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Justin (gnostic)

From Wikipedia, the free encyclopedia

Justin or Justinus was an early Gnostic Christian from the 2nd century AD recorded by Hippolytus.[1] He is often confused in sources with Justin Martyr as "Justin the Gnostic".[2][3]


Justin's life is unknown, although he likely came from a Jewish-Christian background. Most information about him comes from Hyppolytus, who might have been familiar with Justin's most important work, Baruch.[2] He is counted among the earliest Gnostic schools, among Simon Magus, Menander, Saturninus and Dositheus.[4]


His teachings, synthesized in a gospel called Book of Baruch, were a highly syncretic gnostic current that mixed Jewish Christianity with classical mythology.[2] They are considered one of the first transitions between Jewish monotheism and full-blown gnosticism,[3][4] even although it contains substantial differences with posterior Gnosticism, most particularly presenting the creation of the world in a positive light.[2][3]

According to Justin, there were three primordial, eternal entities. Reigning supreme was the male Good One, owner of foreknowledge (identified with the Monad and the creator of the universe, as well as the Greek Priapus),[5] under which there were the male Elohim (the Jewish god and Demiurge or creator of the world) and the female Edem (identified with Gaia and described as a "half virgin, half viper" being similar to Echidna).[6] Elohim and Edem, ignorant of the existence of the Good One, fell in love and copulated, giving birth to twenty-four angels of both paternal and maternal nature, also creating the world in the process. Those angels then created mankind out of Edem's human part and the animal kingdom out of her snake part. However, Elohim discovered the Good One and ascended to his heaven, where he was charged to stay to redeem himself from having thought himself the greatest. Dominion over the Earth was thus assigned to Edem who, vengeful and heartbroken by Elohim's departure, released the evils of famine and disease on the world. Her twelve angels ruled the world as archons.[5]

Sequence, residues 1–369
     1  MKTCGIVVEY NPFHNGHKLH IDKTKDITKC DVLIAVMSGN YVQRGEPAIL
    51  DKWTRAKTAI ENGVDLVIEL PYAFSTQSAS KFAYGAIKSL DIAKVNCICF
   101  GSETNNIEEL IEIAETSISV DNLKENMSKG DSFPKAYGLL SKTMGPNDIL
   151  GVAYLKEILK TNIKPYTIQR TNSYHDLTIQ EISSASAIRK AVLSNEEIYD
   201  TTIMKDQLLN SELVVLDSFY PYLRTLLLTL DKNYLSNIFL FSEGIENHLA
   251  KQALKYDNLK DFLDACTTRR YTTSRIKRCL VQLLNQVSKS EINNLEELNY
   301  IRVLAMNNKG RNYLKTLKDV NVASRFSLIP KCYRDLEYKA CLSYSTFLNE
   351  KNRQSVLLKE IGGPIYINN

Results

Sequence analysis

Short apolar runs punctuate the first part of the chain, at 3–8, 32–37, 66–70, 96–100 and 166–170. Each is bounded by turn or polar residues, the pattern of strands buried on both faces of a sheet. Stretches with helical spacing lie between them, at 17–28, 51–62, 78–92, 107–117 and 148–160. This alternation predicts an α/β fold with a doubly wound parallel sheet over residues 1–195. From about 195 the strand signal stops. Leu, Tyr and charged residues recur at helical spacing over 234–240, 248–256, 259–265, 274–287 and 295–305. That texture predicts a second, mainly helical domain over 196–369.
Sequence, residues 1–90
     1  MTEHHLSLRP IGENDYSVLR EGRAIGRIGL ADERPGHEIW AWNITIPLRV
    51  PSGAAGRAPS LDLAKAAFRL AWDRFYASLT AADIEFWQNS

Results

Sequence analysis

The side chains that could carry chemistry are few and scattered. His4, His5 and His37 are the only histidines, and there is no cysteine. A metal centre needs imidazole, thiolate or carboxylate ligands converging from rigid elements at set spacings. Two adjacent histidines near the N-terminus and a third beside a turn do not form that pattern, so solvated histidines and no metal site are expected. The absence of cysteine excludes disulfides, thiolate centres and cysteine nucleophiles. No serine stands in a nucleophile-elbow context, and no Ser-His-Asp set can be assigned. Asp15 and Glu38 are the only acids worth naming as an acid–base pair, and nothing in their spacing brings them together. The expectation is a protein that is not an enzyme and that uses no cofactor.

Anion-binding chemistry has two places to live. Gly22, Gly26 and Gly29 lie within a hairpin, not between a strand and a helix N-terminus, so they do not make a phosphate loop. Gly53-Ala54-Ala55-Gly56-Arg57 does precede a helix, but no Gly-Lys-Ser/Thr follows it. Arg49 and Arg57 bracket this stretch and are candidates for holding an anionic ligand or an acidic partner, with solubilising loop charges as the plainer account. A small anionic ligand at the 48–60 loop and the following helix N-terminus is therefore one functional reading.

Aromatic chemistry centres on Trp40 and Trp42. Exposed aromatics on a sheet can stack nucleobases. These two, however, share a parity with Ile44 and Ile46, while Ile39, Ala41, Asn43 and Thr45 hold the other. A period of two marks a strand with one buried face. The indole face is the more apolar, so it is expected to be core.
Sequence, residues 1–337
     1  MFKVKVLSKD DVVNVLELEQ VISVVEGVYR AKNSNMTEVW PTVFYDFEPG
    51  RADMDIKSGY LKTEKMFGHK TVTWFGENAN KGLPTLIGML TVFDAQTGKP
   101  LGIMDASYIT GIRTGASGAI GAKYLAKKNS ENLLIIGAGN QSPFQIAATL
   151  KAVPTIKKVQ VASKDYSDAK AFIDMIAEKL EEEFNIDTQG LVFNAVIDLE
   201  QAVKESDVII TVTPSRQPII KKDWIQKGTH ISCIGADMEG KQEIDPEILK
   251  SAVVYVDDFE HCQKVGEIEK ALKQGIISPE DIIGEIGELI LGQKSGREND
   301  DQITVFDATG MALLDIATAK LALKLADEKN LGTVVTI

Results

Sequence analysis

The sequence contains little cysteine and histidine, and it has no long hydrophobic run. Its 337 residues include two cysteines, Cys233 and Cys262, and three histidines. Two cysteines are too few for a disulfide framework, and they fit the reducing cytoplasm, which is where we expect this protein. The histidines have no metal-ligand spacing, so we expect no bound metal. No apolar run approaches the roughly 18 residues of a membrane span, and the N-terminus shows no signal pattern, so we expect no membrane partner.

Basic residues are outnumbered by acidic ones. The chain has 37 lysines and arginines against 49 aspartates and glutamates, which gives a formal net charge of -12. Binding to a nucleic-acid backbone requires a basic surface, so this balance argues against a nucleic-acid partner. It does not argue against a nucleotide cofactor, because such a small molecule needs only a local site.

Edem further ordered one of her maternal angels, Naas (identified with the serpent of Edem), to cause adulteries and dissolutions of marriages among men. In response, Elohim send one of his own paternal angels, Baruch, in order to warn Adam and Eve not to eat from the Tree of Knowledge, which represented Naas himself. However, Baruch failed, as Naas had previously seduced both Adam and Eve, leading them to eat from the tree.[5] Baruch's next attempts to save mankind through Moses and the biblical prophets failed too, so Elohim now chose an uncircumcised man, Heracles, to carry on the task. Heracles defeated all the twelve maternal archons by force, a series of battles known as the Twelve Labors, but he was ultimately seduced and divested of his power by one of the conquered archons, the beautiful Babel or Omphale.[5] Only much later, Elohim found a human who could resist the enticement of the angels, Jesus (son of Elohim in an adoptionist way), who would preach his true word despite being crucifixied by work of Naas.

Only five names of the angels of Elohim are preserved: Baruch, Michael, Gabriel, Amen and Esaddeus. The twelve angels of Edem are Naas, Babel, Achamoth, Bel, Belias, Satan, Sael, Adonaios, Leviathan, Carcamenos, Lathen and Pharaoh.[7]

See also


  1. ^ Hippolytus, Refutatio V, 23-27
  2. ^ a b c d Broek, Roelof van den, Dictionary of Gnosis & Western Esotericism, 2008, 978-90-041418-7-2
  3. ^ a b c M. David Litwa, Refutation of All Heresies
  4. ^ a b Willis Barnstone, Marvin Meyer, The Gnostic Bible
  5. ^ a b c d Todd S. Berzon, Classifying Christians: Ethnography, Heresiology, and the Limits of Knowledge in Late Antiquity
  6. ^ Miroslav Marcovich, Studies in Graeco-Roman Religions and Gnosticism
  7. ^ Tuomas Rasimus, Paradise Reconsidered in Gnostic Mythmaking: Rethinking Sethianism in Light of the Ophite Evidence
This page was last edited on 19 April 2019, at 18:47
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